When I had come as far as I felt I could go without putting myself too far for a gas refill, I turned back. I never made it to the Miccosukee Airboat tours, and they probably would have been closed anyway, as was the case where I turned around. Many boats, but all of them docked for the night.
Near the entrance to the Everglades, I found an area to pull off, a place where some could fish and youths could waste time. There were 3–4 pickup trucks lined up with about ten kids sitting on and around the truck beds. I was far enough away that they didn’t care about me, but I was close enough to see young courtship in action. All the guys to one side, all the girls to the other, with only a few interacting. The thought crossed my mind to talk to them, to see if one of them would be open to an interview. But, I couldn’t think of a good opening line, something that would immediately break the ice and put me in their good graces.
Plus, I really wanted to embrace nature.
I still had more time in Miami, I still had more time to get my interview.
On the other side of SW 8th, I found myself at Ball & Chain, a Miami spot known for its live music. I was determined to eat where the locals frequent, but each time it felt like I had found myself at a place only one or two places removed from the tourists. Not where the families go, but not quite as connected to the people as I wanted.
I sat there at the bar, quietly enjoying my drink when I saw him. An old, crusty dude with a camera stood outside taking what looked like long exposures of the passing cars. I took a drink. He stood there and took another photo, completely unaware of me. I took another drink. He took another photo. This is it, this is my guy. I left my camera at the bar and went outside.
Old Crusty had spectacular dreads, and skin that looked like he spent every day outside for fifty years. He acknowledged me, and I him.
“I taking pictures.” His English was very basic, but certainly better than my Spanish.
“I see that. What of?” I mean, I could see. But I was happy we were just talking.
“The car. The car going by.” Each word came out extremely pronounced, almost sounding like he needed to shout so I understood him.
“Wow, cool,” No idea why I said that. “Can I see?” I gestured to the back of his camera. “These are great. You know, I take photos, too. My camera is in there.” I nodded to my bar seat that could be seen through the window. His eyes lit up, as if he thought I was crazy to leave my equipment unattended.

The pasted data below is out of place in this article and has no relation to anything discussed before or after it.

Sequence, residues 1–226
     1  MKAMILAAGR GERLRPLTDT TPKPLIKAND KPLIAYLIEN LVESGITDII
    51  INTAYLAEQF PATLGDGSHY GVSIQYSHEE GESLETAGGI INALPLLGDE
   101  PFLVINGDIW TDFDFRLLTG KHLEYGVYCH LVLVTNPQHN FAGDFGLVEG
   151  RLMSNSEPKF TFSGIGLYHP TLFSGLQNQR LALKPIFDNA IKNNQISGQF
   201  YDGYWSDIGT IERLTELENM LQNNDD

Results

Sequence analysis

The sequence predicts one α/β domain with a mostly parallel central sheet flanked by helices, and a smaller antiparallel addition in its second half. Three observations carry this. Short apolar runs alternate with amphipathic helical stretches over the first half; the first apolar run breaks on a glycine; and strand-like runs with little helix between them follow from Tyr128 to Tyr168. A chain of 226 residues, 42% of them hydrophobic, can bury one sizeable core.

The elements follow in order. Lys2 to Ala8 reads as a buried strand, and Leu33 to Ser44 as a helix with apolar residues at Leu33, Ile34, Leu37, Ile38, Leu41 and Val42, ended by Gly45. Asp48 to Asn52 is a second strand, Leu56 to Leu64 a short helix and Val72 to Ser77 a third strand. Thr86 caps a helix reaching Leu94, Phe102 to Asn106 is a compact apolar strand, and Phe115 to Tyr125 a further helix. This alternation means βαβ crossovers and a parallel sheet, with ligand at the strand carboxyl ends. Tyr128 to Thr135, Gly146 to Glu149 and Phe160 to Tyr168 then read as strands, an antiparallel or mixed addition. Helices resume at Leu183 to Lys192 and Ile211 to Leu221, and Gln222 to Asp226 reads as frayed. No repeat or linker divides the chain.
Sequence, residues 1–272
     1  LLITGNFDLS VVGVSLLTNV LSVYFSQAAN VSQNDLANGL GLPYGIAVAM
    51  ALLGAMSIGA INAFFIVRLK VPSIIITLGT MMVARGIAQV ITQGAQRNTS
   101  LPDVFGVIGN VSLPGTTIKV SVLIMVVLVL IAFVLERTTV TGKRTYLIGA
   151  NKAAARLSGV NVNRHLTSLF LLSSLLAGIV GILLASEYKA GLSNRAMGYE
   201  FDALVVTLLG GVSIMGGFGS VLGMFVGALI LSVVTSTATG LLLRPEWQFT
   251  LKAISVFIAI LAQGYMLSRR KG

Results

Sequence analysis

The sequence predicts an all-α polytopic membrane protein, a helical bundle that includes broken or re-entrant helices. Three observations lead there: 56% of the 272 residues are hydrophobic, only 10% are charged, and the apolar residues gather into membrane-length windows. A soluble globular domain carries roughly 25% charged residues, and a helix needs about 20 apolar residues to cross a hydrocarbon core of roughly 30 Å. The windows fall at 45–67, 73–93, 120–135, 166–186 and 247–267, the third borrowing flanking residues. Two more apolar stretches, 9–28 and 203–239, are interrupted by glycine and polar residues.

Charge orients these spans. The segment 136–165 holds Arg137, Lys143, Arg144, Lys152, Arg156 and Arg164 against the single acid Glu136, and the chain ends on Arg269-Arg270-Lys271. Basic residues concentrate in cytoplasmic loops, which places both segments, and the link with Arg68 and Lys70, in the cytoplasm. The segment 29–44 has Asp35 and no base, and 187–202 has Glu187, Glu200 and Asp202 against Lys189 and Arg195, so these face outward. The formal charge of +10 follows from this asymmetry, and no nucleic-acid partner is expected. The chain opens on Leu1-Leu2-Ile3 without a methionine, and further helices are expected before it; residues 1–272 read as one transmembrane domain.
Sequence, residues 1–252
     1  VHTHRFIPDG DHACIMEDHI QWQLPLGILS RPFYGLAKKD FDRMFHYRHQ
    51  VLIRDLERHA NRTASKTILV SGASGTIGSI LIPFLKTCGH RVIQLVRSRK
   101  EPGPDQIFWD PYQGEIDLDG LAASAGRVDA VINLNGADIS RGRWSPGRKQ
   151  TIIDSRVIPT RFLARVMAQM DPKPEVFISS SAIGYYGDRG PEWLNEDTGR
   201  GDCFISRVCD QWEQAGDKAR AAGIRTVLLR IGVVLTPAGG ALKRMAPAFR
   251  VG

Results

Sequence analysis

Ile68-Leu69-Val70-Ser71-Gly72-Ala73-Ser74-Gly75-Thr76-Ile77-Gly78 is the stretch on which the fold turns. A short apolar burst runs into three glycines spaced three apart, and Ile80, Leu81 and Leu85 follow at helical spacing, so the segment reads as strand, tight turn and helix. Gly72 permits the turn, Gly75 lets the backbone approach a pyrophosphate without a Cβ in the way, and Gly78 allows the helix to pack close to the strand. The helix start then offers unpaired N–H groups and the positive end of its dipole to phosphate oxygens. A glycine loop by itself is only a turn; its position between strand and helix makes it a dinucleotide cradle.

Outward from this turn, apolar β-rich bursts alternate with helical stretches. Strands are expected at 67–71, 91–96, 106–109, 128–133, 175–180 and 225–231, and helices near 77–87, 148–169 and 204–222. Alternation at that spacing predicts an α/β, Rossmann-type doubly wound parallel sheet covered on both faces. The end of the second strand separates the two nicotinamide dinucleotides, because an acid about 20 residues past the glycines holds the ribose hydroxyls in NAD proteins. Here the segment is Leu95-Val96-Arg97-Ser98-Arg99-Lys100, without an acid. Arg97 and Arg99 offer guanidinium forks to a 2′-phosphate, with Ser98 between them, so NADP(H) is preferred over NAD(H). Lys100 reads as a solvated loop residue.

Raphael, I would learn to be his name, was a street photographer, more or less. Much of his work that he showed me on a shattered cell phone was of people watching. I was thrilled that I got to talk to someone who watches people, as I was just watching him. Felt kinda like a hunter nabbing another hunter. Not sure what prize that gets me, but I was happy to be in his company.
Photo after photo I saw how he got really close to people, and how he was able to get some great expressions.
“How do you get so close without them seeing you are taking their photo?” I asked. This was something I like knowing about all photographers, specifically street photographers.
“Oh they know. They always know, even when it seems like they don’t. They see me, they see my camera, they know what I’m doing,” he said. Seemed simple enough. “If you try to hide, it is no good. They know, they always know, so you just have to do it.” Makes sense, why try to hide what they know is already happening? I tried not to look at the audio recorder that I had left on this whole time, the one that had been on since before I found him and brought him to the bar, the one that I was using to record the ambiance but was now recording every word he said. Would I use the recording later, without telling him, going against his camera advice?
Raphael continued to show me photo after photo, now displaying a series of photographers as they work.
“Nobody take the photo of the photographer. But I do. Because he is a part of what is happening, he is a part of the scene,” he said. I can relate to not wanting to be in the photo, like most photographers do. It’s somewhat a control thing, the ability to show what you want and nothing else. And with photography, for me it’s sometimes showing a thing that could exist anytime, anywhere, and I certainly wouldn’t be in that scene, I couldn’t be timeless if I existed in the photo.
But Raphael loved it, loved showing the photographer as he worked. “Now people will remember him.” And I’ll remember you, Raphael, that’s for sure.
I went back to the Airbnb, the one that I’m sure was a garage at one point, and closed the chapter on my short trip to Miami.